| The Earth and Its Peoples: A Global History, Second Edition
|Southwest Asia and the Indian Ocean, 1500-1750
Islamic World, 1500
This site's map places the Ottoman, Safavid, and Mughal
Empires in a global context. The map also contains several hyper
links for obtaining further information about certain kingdoms.
of the Islamic World
This site offers several maps relating to the Ottoman
and Safavid Empires.
Ottoman Empire, 1600
This map illustrates the growth and decline of the Ottoman
Empire from the fourteenth through the twentieth centuries.
of the Ottoman Empire
Empire Expansion Map
This map allows you to compare the Ottoman Empire with
the borders of the older Arab Caliphate.
Ottoman Empire and Afro-Eurasian Trade Routes
This map places the Ottoman Empire within the context
of the older Afro-Eurasian trading system that existed before European
explorers opened up direct trade from the Atlantic to the Indian Ocean.
Ottoman and Safavid Empires, 1600
Mughal Empire at Akbar's Death, 1605
Click on "Map" in the top left-hand corner.
Ocean Trade Routes, 1500
Portuguese Maritime Empire in Asia
Portuguese in the Moluccas and in the Lesser Sunda Islands of Modern Day
VOC's Routes to Asia
This map shows the sea routes from Holland to the VOC's
holdings in Asia. It also uses Shockwave technology that allows
you to zoom in to specific areas.
Spread of Islam in Southeast Asia
Malacca Sultanate, 1500
Islamic World to 1600: The Rise of Great Islamic Empires
This excellent site contains, among many other visuals,
numerous images from the Ottoman, Safavid, and Mughal Empires.
Art: Late Islamic Art
This comprehensive site contains many images from the
Ottoman and Safavid periods.
This comprehensive site contains numerous images of Ottoman
soldiers, including Janissaries, as well as sultans. Click on "Khalifa"
for images of the sultans.
Study images of this famous mosque in Istanbul.
Quicktime technology allows for several panoramic views.
Tour the remains of this famous Istanbul palace build
by the Ottomans. Safavid Dynasty
This site contains several images of art from this period
in Iranian history.
Art through the Centuries: The Safavid Dynasty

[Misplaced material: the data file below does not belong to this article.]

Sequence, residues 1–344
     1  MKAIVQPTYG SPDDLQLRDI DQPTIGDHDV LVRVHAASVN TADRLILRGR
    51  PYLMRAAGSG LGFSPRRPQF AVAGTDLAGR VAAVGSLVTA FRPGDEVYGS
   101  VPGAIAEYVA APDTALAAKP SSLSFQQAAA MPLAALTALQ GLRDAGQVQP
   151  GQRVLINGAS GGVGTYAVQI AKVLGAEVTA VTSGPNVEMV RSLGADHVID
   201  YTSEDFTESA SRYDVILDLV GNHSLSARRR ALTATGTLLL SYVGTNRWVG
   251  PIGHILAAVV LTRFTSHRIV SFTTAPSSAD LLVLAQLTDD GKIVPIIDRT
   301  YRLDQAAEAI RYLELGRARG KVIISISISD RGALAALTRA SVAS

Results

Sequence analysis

This site contains numerous images of Safavid artwork.
Take a virtual tour of the capital of the Safavid Dynasty
View several images relating to Mughal architecture.
This site contains one image and two drawing plans of
one of the world's most famous buildings, which was constructed during
the Mughal Empire.
VOC: A Seventeenth Century Dutch Trading Giant
This site contains a nice essay as well as numerous images
relating to the VOC's activities in the Indian Ocean and East Asia.
VOC Ship Batavia
This site contains images and artifacts from this eighteenth-century
Dutch sailing ship.
Danish East India
Observe several historical illustrations of this Danish
trading factory in India.
This site contains several images and a useful demographic
chart relating to Dutch control of this famous Southeast Asian port.
View many historical illustrations of this city founded
by the Dutch, which is now Jakarta, the capital of Indonesia.
Like the emerging nation-states of Europe, during the
sixteenth century the Ottoman, Safavid, and Mughal Empires were all new,
dynamic, and expansive domains. Go to The
World, 1500-1800 and compare and contrast the geographical scale and
scope of the European nation-states with the extent of these Islamic empires.
Don't forget to include the Europeans' overseas possessions. All
three Islamic empires were more multiethnic and multireligious than the
European nation-states. Although this situation posed specific problems
for the Islamic central governments, during most of the sixteenth and seventeenth
centuries, the rulers of all three empires were nevertheless able to create
strong central governments that promoted stability and order. In
the process of doing so, they each developed innovative and unique governing
Begin exploring the Ottoman style of government by studying
Ottoman Empire, 1600, which shows the scale and scope of this empire
at its height of power in the seventeenth century. Notice that the empire
spanned three continents: Asia, Africa, and Europe. Within its borders
lived Turks, Arabs, Berbers, and Slavs, although none of these ethnic groups
was predominant throughout the empire. Most subjects of the Ottoman sultans
were Muslims, but there were also significant numbers of Jews and Christians,
with Christians comprising the majority of the population in the empire's
Southeast European provinces. Next, go to The
Ottomans: Origins and read the sections titled "The Ottoman State"
and "The Structure of Government." According to this site, what role did
the sultan play in governing the empire? (Consider both secular and religious
matters.) What other groups exercised political power within the empire?
Discuss the major principles that guided the Ottoman government and determine
whether the goal was to enrich only Ottoman Turks or only wealthy landowners?
To carry out the state's functions, Suleiman the Magnificent, who reigned
from 1520 to 1566, developed an important legal code. Go to The
Ottomans: Suleyman and read the introduction and sections entitled
"Suleyman the Just" and "Suleyman the Lawgiver." What influence did the